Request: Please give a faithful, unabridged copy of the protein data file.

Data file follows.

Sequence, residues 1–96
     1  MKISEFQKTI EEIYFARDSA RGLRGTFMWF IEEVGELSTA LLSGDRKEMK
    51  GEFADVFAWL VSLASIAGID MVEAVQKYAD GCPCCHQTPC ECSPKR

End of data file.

Sequence, residues 1–96
     1  MKISEFQKTI EEIYFARDSA RGLRGTFMWF IEEVGELSTA LLSGDRKEMK
    51  GEFADVFAWL VSLASIAGID MVEAVQKYAD GCPCCHQTPC ECSPKR